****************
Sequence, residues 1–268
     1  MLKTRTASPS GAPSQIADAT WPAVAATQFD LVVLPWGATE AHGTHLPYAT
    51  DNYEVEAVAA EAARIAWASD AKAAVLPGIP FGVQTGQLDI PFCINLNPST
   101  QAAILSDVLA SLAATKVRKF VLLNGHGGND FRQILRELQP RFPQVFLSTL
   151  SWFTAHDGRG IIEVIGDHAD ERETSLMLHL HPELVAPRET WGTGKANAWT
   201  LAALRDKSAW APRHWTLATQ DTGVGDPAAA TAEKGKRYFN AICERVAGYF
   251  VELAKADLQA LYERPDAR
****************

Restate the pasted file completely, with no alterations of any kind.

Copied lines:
Sequence, residues 1–268
     1  MLKTRTASPS GAPSQIADAT WPAVAATQFD LVVLPWGATE AHGTHLPYAT
    51  DNYEVEAVAA EAARIAWASD AKAAVLPGIP FGVQTGQLDI PFCINLNPST
   101  QAAILSDVLA SLAATKVRKF VLLNGHGGND FRQILRELQP RFPQVFLSTL
   151  SWFTAHDGRG IIEVIGDHAD ERETSLMLHL HPELVAPRET WGTGKANAWT
   201  LAALRDKSAW APRHWTLATQ DTGVGDPAAA TAEKGKRYFN AICERVAGYF
   251  VELAKADLQA LYERPDAR